A Fulfilling Life on $1,000 a Month in Puerto Vallarta

It feels as though it was fate that brought Bobby Blanchard and Nan Lippard to Mexico…and to the bustling resort city of Puerto Vallarta, on the Pacific coast, in particular.

“It’s the friendliest town I’ve ever lived in. People are helpful. When there is a car stalled on the road—people help,” says Bobby.

“There’s a ‘humanness’ that is still here that is missing from the U.S.,” adds Nan. “It’s like a dream. You feel renewed when you get down here.”

It started with a pivotal event that changed Bobby’s life. He was struck by lightning while riding his motorcycle.

“After I got out of the hospital, I had the realization that I had to do something different with my life,” explains Bobby, 57, who previously worked in a stressful career.

Former middle-school sweethearts, Bobby and Nan reconnected later in life on Facebook and decided to start a new life together in Puerto Vallarta. At first, they planned to move in seven years. This turned into three years, which turned into two months. They felt compelled to be there and start fresh. In the end, it was a spur-of-the-moment decision. But it worked out, and they’ve been in the city nearly three years.

“We sold everything and came down on the bus with two suitcases. I can pack my house now in an hour. I’ve come to like it…we’re minimalists,” says Nan, 56.

“She hadn’t been to Mexico before and Puerto Vallarta is a good introduction,” says Bobby. He notes that the town is modern and very international but still works hard to keep many Mexican traditions alive.

For Nan, who hadn’t traveled much, it was an adjustment. But she’s found a lot to love in her home, including something unexpected.

“One of my biggest fears was the food. I was intimidated. But what I thought would be so different, wasn’t,” says Nan.

They shop at local markets and avoid most expensive imported items. These are available in Puerto Vallarta because of its popularity with expats and travelers, both international and middle- and upper-class Mexicans.

“We go to the outdoor mercado behind Walmart,” says Nan. “We love going there for veggies and seafood and the butcher shops, where you get to pick your piece of meat. We can get a two- to three-kilo [about five to seven pounds] chunk of rib eye for $3.48 a pound.”

The couple is on a budget. And they find they can live well in Mexico, even in Puerto Vallarta—which, due to all the tourism, can be less than affordable.

“We live on pesos; we’re conscious of costs,” says Bobby. “It happens all the time…people tell me how much something is, and I say, ‘Is that all?’”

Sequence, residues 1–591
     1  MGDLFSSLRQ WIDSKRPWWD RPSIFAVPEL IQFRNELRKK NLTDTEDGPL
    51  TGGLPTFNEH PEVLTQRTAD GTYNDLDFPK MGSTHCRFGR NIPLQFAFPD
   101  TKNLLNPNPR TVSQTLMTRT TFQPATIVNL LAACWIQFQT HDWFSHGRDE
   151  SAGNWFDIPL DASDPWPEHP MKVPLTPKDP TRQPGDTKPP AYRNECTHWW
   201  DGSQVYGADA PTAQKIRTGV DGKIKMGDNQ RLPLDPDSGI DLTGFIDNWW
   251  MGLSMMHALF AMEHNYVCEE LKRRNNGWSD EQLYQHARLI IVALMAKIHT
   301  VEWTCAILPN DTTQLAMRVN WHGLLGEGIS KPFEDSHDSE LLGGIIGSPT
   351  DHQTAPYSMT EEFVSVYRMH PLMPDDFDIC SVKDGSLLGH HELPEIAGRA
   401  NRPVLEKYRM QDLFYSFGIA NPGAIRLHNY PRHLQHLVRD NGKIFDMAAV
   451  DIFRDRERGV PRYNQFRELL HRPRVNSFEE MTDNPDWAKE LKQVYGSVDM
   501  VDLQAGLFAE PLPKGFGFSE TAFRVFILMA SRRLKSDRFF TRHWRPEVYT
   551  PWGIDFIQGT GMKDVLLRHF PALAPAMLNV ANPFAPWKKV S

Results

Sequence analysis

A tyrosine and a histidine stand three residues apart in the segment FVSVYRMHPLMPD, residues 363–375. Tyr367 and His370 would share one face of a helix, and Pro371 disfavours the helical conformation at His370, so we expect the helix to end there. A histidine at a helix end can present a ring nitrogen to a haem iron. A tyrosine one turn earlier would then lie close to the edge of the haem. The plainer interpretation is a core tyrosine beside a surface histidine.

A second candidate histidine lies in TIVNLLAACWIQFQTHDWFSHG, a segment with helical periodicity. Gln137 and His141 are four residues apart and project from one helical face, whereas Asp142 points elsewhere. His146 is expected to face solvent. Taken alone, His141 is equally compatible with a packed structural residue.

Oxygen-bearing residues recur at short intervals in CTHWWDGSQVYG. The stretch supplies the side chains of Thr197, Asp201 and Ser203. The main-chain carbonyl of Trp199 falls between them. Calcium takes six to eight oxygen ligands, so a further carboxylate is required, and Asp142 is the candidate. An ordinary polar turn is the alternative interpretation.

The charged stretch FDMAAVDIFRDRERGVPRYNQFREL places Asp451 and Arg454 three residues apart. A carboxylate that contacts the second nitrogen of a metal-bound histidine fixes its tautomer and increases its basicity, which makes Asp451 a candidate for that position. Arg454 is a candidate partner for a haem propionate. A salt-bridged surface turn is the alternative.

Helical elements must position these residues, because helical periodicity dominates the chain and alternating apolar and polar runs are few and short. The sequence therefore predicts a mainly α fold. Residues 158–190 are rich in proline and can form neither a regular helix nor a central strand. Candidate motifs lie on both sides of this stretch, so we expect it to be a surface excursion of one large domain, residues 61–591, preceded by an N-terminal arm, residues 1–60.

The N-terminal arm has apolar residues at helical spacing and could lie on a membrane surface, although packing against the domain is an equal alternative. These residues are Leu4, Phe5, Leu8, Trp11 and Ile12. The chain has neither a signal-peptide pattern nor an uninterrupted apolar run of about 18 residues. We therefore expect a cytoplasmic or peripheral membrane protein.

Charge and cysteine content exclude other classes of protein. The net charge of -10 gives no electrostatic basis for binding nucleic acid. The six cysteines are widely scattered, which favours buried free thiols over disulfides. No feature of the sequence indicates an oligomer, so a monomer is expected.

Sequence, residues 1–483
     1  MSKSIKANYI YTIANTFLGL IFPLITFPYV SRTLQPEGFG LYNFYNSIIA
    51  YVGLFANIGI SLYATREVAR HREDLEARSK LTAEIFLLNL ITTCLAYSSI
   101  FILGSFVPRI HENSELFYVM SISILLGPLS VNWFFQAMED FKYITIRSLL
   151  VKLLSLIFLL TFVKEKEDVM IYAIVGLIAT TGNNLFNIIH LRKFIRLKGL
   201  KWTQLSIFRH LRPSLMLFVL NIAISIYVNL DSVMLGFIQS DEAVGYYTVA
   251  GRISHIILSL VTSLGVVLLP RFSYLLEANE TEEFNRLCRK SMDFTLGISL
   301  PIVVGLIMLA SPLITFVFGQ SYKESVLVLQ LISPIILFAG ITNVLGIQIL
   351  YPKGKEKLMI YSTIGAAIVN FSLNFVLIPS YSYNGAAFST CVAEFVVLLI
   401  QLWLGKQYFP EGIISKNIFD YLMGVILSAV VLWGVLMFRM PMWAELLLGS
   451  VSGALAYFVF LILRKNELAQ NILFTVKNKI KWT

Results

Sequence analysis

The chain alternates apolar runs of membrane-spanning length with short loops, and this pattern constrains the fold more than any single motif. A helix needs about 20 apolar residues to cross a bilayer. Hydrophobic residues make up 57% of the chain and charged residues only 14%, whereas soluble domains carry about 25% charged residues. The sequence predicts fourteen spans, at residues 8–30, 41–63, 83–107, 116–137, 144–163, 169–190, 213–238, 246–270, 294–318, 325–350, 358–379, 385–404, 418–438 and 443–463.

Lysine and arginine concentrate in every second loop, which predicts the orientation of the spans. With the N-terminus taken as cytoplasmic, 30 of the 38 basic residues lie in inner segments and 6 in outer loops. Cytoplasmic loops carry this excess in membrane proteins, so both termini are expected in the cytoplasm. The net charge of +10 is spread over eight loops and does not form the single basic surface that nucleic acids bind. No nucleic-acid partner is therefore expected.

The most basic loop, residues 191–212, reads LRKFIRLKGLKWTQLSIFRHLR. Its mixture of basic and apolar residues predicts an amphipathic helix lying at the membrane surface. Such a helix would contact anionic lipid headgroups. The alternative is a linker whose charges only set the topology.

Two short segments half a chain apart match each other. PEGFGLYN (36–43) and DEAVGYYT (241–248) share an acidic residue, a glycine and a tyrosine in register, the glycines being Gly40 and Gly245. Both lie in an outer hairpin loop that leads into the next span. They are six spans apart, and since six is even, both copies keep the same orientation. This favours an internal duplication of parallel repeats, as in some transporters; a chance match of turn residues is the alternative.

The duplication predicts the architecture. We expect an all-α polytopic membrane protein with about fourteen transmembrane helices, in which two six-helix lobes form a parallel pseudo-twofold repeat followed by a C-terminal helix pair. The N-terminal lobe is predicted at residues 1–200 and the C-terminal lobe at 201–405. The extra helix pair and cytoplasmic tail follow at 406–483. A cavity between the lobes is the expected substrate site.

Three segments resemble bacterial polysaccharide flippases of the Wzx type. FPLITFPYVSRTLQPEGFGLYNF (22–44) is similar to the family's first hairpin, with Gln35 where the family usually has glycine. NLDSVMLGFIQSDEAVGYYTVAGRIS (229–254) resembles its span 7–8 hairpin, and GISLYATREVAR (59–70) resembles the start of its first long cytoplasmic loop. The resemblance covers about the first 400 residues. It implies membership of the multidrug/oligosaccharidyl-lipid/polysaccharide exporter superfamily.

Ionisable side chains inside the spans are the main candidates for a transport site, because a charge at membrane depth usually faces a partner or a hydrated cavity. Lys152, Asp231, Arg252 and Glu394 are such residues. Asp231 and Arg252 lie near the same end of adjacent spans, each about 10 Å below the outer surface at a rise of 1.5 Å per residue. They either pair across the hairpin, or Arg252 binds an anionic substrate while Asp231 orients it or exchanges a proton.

Rent for their one-bedroom condo is $472 a month, which includes maid service and bottled water. There are also two swimming pools in their community. Because they don’t use air conditioning much, their electric bill is $7.87 a month. “We leave our doors and windows open 24/7,” says Bobby. They pay the same for cable TV and high-speed internet.

“We’re proof you can live in Mexico for $1,000 a month for two people, including rent, food, utilities, gas for the car…although there’s not a lot for extras,” says Bobby.

Their needs are simple, and that’s how they like it.

“The thing I like best is that we don’t have to worry about a house or car payment. We’re debt-free. If it costs you your peace, it’s too expensive,” says Bobby. “There’s a huge freedom in not having debt. If we want, we can get the suite when we go on a cruise.”

The couple’s condo is in PV’s marina, which also features resort hotels, restaurants, cafes, and shops. It’s a popular spot in wintertime, especially. Their area is fairly quiet in summer; it’s their favorite time of year for that reason.

The beach is a quick walk from their place, and they spend a lot of time there, especially down toward Campamento Tortuguero Boca de Tomates. This is a private organization that protects sea turtle nests and then releases hatched baby turtles. The two are volunteers and part of a crew that has released 77,000 turtles over the years.

“I witness miracles every day,” says Nan about her work there.

They’ve also worked to integrate into the community in other ways.

“A lot of our friends are Mexican. That’s who I call to ask questions. I hope, in a way, I’ve become part of the Mexican culture here,” says Nan.

“We’ve been to so many parties where we don’t speak the same language but everybody knows what we’re saying,” says Bobby.

The couple work as teachers—he in science, she in English—at a local private school. It brings in much needed income and the work is fun.

“I had all this ‘useless’knowledge. Now I have a chance to share it,” says Bobby.

Mexico has been good to them. And they’re here to stay.

“We’re not expats. We’re immigrants. You have to make a decision to give up the past and face the future,” says Bobby.

“We moved to Mexico and made it work,” says Nan. “It’s a peaceful life. I adore Mexico and can’t wait to see more of it.”